Wednesday, December 7, 2016
The issue addressed by this meeting of the Environmental Law Collaborative—zero-sum thinking and its application to environmental law—questions whether environmental quality is appropriately characterized as a zero-sum game in which regulation is an expensive, job-destroying monster. Describing a choice as a zero-sum game can be insightful for understanding the architecture of choice in a battle of particular circumstances. The notion of the zero-sum game comes from game theory and describes an “I win, you lose” (or vice versa) situation in which the amount you lose is proportional to my gains in winning. The game provides insights into how particular resolutions may have been predictable or even beneficial under the circumstances. However, when posed as a zero sum-game, environmental quality appears too costly: every dollar spent on the environment takes food from the table of some employee.
Aside from the problem that the zero-sum characterization is seldom, if ever, an accurate description of environmental regulation, this zero-sum framing presumes that environmental values are somehow divorced from economic livelihoods.
Ecological economist Gretchen Daily defines “ecosystem services” as the “wide range of conditions and processes through which natural ecosystems, and the species that are part of them, help sustain and fulfill human life.” In addition to the goods (food, timber, etc.) produced in the environment, functioning ecosystems supply essential services, including drinkable water and breathable air, biodiversity, habitable climate circumstances, and even spiritual and culturally significant experiences. Of course, because the services provided by functioning ecosystems are often not exchanged in the marketplace, they have been routinely ignored and undervalued. The study of ecosystem services illustrates the manner in which ecosystem processes have real value according to the benefits provided.
The ecosystem services approach helps to overcome zero sum rhetoric in at least three ways:
(1) More and better information. Valuing the environment as a provider of services recasts the problem of environmental degradation as one that can be calculated. Viewing the environment as services also helps in identifying the types of information needed to solve environmental problems, such as baseline information on environmental function and the potential of conservation and resiliency planning to secure the continuing receipt of ecosystem benefits. By prioritizing this information, ecosystem services analysis helps to calculate the cost of losing ecosystem function by revealing the direct and indirect benefits people and communities receive from the environment.
(2) Willingness to pay. Ecosystem services requires an appraisal of ecosystem functionality. This approach helps explain why the interruption of ecosystem process (by transformation, degradation, or displacement) results in real losses to human well-being. Typically, our reliance on and need for particular ecosystem functions is undervalued until we experience changes in the environment. Once essential ecosystem services are diminished or lost, we understand their value as a cost of finding substitute services: clean water, clean air, water quality control facilities, and so on. Likewise, information regarding the flow of ecosystem benefits provides an understanding of human well-being that identifies people as the beneficiaries of environmental quality and supports protection of ecosystem function as an investment that yields great returns.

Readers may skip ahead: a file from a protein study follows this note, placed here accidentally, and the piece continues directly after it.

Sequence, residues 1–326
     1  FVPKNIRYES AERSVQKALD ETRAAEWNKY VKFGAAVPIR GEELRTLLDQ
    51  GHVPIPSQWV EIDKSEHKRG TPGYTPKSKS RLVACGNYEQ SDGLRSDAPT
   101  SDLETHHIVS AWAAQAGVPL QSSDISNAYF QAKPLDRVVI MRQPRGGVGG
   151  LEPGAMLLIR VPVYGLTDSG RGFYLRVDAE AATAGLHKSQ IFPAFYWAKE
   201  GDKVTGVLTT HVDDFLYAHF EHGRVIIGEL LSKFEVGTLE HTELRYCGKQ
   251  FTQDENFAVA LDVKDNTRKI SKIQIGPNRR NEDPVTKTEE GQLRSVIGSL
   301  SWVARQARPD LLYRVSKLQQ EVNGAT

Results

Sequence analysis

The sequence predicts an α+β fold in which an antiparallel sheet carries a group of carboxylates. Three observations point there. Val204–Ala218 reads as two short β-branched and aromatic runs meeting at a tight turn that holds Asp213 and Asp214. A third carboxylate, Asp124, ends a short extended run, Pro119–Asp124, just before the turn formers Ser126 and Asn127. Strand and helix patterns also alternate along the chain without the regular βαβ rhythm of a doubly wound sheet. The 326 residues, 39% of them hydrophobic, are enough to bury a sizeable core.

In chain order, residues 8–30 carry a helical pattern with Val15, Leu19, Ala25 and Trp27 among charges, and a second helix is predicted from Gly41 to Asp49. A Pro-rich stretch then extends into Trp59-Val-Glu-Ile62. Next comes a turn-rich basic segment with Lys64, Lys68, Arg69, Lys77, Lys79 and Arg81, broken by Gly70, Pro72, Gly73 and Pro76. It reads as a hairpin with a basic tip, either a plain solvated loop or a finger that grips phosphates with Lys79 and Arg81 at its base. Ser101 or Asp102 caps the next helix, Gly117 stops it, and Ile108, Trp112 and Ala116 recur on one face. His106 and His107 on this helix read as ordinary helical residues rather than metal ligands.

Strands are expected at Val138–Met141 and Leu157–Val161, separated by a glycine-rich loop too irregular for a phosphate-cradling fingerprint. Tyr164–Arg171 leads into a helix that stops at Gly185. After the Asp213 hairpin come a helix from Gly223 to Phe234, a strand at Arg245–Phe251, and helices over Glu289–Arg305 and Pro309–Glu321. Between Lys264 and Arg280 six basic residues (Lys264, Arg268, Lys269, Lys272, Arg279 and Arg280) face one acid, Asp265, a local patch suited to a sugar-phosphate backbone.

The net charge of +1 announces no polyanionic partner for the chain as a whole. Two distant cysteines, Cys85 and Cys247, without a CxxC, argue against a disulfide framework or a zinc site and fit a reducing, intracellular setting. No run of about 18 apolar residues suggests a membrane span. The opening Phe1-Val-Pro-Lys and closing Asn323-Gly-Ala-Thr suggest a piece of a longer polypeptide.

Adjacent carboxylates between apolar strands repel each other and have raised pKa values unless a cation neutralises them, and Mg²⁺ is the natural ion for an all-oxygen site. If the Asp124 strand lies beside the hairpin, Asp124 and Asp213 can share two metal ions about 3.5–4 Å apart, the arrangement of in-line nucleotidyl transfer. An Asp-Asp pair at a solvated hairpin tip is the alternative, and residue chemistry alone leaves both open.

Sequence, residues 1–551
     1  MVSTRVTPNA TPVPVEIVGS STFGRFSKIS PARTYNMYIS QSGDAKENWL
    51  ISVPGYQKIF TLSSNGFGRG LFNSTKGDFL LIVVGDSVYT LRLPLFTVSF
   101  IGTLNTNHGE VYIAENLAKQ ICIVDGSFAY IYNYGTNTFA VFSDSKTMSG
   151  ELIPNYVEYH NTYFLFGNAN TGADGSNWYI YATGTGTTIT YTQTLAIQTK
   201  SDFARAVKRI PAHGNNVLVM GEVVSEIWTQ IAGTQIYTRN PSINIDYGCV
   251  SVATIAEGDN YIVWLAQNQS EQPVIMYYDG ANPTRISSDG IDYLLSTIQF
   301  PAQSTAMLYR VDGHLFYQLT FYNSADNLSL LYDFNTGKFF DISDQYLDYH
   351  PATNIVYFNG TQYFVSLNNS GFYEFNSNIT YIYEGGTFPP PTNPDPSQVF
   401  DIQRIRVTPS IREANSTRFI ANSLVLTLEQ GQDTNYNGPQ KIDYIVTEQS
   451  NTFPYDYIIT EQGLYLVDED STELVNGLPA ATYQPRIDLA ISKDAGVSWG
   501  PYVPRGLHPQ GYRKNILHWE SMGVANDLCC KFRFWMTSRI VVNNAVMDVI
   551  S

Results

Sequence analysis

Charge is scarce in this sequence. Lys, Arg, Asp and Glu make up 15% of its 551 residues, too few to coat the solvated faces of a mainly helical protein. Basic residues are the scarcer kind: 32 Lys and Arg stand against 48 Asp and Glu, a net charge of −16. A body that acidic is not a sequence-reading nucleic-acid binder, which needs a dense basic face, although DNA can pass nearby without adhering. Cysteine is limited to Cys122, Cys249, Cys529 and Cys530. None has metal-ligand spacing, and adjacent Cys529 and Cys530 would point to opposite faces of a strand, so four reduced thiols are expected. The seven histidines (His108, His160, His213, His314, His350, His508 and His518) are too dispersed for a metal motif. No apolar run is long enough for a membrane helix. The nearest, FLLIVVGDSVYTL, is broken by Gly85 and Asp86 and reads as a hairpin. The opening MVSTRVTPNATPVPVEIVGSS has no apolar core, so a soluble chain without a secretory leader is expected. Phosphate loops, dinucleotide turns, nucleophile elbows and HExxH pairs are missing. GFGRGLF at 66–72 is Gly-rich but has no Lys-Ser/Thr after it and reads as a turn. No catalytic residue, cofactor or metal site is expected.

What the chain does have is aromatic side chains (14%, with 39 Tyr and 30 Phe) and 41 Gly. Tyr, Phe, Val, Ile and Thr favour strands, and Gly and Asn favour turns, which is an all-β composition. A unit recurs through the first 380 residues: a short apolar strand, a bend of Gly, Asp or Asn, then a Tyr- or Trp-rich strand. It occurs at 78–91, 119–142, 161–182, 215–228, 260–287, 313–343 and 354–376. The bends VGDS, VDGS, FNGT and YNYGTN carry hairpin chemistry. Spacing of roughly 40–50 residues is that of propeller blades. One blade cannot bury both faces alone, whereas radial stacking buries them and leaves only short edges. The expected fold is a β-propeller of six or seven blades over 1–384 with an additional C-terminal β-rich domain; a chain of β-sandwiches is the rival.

(3) Availability of win-win-win alternatives. To see an alternative in which everyone wins is not to force an exception or search for an outlier. The winning alternative is almost always available and, when promoted as such, can be very persuasive. Recent examples include green building (which not only drives innovation and development, but produces healthier, longer lasting structures); renewable energy development (driving technological developments to produce cheaper, cleaner energy); and energy and water efficient products (products that demand fewer resources in design, construction and operation). Better calculations of ecosystem services facilitates a conversation about cooperation, complementary values and co-benefits, revealing that sound environmental choices do not result in “I win, you lose.” For instance, an assessment of urban tree functions shows that trees in urban areas provide services (shade and climate control, water filtering, stormwater capture) that offer significant benefits at a minimal cost for installation and maintenance. In comparison, construction and maintenance of the grey infrastructure alternatives (A/C systems, water filtration plants, stormwater control facilities) are expensive to construct and maintain.
Zero-sum descriptions can be useful. However, they may also misdirect our attention in matters of environmental decisionmaking, and to that extent, thinking about environmental problems in zero-sum stories is short-sighted. Communities that investigate the alternatives created by ecosystem services have made efficient, valuable choices that will contribute to community well-being in significant ways. Watershed planning for water supply in New York City, urban forest planning in Charlotte, North Carolina, and wetlands planning in Portland, Oregon have proven that ecosystems serve human well-being in essential ways. Win-win-win alternatives are found in functioning ecosystems. We only need to see ecosystems as opportunities.